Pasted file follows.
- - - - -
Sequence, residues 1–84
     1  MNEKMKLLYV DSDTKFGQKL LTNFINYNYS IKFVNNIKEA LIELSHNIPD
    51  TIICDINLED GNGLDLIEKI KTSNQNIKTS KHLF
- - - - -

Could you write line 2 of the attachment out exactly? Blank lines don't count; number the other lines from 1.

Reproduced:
     1  MNEKMKLLYV DSDTKFGQKL LTNFINYNYS IKFVNNIKEA LIELSHNIPD